Posted: Wednesday, February 12, 2020. 1:52 pm CST.
By Aaron Humes: On Tuesday the Caribbean Development Bank (CDB) hosted its annual news conference.
The CDB takes this opportunity to discuss trends that they’ve noticed emerging over the last few months within the economies of the region. They often share what recommendations they would make to either improve on the gains or turn things around financially for the struggling member state.
Dr. William Warren Smith, President of the Bank, reported that collectively, the region’s economies only grew by 1% last year, which is less than the 1.6% growth in 2018.
In addition to issues with U.S.-China trade relations, problems in the Middle East and increased protests against corruption, inequality, climate change, and lack of political freedoms, the slowdown also reflected the effects of prolonged drought in Belize, Haiti, and Jamaica, as well as social unrest in Haiti.
But for 2020, the Bank projects regional GDP growth of 4.1% “consistent with expectations of accelerated global economic activity. With an estimated daily production of about 100 thousand barrels of oil, Guyana should dominate regional growth performance this year. Other growth drivers in the region should be the construction, tourism, and agriculture sector. But, economic growth will remain lopsided, and below the sustainable rates needed for long-term resilience. Borrowing members like Barbados, Grenada, and St. Kitts and Nevis must stay on-course with their home-grown socio-economic reform programs. Others should join the bandwagon and commence, with alacrity, implementation of their own adjustment programs,” explained Dr. Smith.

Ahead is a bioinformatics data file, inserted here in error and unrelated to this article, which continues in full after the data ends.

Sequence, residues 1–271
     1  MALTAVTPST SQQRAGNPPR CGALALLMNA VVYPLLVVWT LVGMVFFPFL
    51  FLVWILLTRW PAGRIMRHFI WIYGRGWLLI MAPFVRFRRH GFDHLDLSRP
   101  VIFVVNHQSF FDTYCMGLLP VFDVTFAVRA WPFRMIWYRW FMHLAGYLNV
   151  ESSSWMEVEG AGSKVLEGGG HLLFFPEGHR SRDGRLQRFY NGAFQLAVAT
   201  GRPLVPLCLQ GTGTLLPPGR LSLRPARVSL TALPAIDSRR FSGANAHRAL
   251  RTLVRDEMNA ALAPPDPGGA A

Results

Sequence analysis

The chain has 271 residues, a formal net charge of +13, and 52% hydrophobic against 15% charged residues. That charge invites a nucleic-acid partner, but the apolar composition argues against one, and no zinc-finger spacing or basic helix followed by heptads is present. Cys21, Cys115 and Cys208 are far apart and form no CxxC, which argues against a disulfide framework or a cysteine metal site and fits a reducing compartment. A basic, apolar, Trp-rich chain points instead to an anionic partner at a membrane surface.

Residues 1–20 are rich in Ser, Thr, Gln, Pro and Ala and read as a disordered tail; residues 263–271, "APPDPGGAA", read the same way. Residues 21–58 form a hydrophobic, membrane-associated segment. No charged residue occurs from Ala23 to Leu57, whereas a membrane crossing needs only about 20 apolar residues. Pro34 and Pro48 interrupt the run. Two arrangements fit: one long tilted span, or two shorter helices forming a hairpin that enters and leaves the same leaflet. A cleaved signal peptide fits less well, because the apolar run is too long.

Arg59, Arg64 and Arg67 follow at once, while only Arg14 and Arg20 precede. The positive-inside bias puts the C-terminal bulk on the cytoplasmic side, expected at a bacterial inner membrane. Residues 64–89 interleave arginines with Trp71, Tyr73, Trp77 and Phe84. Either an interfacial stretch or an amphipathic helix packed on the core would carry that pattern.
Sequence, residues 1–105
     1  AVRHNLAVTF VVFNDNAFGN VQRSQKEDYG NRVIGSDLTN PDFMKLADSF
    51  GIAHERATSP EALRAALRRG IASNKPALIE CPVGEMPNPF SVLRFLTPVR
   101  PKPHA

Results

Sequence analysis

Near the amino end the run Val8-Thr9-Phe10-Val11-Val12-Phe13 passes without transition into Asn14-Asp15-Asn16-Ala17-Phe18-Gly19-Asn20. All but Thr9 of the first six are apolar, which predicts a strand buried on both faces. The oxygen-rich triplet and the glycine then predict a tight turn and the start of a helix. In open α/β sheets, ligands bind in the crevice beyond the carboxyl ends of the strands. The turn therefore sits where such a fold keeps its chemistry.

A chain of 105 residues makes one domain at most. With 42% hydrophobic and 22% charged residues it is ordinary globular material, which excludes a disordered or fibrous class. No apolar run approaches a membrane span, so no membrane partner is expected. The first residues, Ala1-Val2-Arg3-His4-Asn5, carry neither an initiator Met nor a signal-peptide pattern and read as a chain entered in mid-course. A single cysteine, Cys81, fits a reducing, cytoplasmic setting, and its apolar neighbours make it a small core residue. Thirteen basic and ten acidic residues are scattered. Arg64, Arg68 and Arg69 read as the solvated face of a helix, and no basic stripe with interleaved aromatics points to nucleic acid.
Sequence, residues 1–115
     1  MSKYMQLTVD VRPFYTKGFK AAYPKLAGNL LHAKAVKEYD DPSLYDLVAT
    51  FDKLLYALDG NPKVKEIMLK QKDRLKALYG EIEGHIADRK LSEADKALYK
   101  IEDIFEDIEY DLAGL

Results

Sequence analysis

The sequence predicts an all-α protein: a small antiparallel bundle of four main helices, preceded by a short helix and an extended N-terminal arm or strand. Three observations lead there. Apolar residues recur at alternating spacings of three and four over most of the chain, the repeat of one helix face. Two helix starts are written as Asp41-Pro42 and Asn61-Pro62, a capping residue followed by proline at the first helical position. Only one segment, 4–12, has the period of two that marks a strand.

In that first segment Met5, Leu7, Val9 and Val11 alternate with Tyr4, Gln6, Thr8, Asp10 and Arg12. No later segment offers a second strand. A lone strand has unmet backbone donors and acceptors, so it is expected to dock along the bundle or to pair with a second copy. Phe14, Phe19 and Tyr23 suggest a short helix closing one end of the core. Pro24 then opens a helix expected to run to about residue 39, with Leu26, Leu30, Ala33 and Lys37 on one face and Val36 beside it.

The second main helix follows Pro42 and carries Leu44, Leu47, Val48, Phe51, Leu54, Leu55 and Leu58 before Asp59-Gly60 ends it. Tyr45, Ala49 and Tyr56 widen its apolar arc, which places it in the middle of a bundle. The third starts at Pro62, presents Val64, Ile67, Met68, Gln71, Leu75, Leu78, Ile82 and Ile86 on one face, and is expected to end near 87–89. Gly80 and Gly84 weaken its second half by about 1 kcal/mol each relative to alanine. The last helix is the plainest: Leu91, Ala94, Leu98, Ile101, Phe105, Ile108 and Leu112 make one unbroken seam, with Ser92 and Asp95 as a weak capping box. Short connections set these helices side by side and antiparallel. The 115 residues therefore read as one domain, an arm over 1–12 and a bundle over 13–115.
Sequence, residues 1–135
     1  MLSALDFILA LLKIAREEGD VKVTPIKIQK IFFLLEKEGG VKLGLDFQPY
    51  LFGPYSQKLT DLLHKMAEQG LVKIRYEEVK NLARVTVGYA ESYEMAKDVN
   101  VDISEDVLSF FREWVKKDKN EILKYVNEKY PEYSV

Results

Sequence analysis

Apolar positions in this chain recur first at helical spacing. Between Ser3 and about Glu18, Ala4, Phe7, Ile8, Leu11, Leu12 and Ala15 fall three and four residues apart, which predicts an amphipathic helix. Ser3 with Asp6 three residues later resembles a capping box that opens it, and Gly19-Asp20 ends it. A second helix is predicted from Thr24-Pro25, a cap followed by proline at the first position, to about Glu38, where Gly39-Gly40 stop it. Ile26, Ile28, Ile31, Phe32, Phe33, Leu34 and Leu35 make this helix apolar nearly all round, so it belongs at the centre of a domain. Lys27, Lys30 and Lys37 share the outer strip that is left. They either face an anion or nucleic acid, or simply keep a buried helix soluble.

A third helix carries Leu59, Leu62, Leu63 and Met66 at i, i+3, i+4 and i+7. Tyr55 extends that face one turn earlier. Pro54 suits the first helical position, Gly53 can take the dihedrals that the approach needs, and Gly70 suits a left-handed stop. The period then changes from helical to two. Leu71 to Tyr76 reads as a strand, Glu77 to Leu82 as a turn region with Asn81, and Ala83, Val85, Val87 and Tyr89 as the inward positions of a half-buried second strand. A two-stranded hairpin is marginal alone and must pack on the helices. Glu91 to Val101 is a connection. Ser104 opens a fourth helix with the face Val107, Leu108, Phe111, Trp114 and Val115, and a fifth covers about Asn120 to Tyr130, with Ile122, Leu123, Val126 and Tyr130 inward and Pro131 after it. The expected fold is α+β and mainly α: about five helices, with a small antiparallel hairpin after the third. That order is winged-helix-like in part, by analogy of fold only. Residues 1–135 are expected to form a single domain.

The Bank has also taken notice of crime as a regional issue.
Belize’s representative at the conference, Dorian Pakeman of the Government Press Office asked to explain the link, and Dr. Justin Ram – Director of Economics for CDB – stated, “It’s a topic that we’re going to examine in our research in 2020 because we recognize how important this is for the overall wellbeing of our stakeholders in our borrowing member countries, and of course, the likely impact that this can have on economic activity. So, just to give you a quick overview, we’re likely to look at crime from a public health standpoint, the protocol associated with public health, like if there is a public health challenge, there are certain protocols that you examine when you actually try to deal with such a challenge. And we want to look at can we utilize such an approach to the reduction of crime. Now, crime has a number of impacts. It impacts productivity in a number of negative ways, when, for example, people are either injured or for example, it might increase mortality rates. It impacts the economy in that way, but for our types of economies, for many of them that are service-oriented, that are really reliant on the tourism industry, crime can actually play a very negative role in actually discouraging visitors to our shores. So, it’s really important that we manage what is currently happening with criminal activity, and I think some of our countries are doing a pretty good job of this. Others, of course, need to improve, but I think for us, that tourism and that service sector-based economic activity, crime is really important for us to manage and to minimize, so that it doesn’t have knock-on impacts, on visitor arrivals, as it relates to economic activity.”
The Bank’s representatives say that later this year, they will be working on the development of youth strategy to address crime in a hopefully meaningful way. They say that the strategy came about as a result of consultation with a cross-section of Caribbean youths, including those who have come in conflict with the law in their country.
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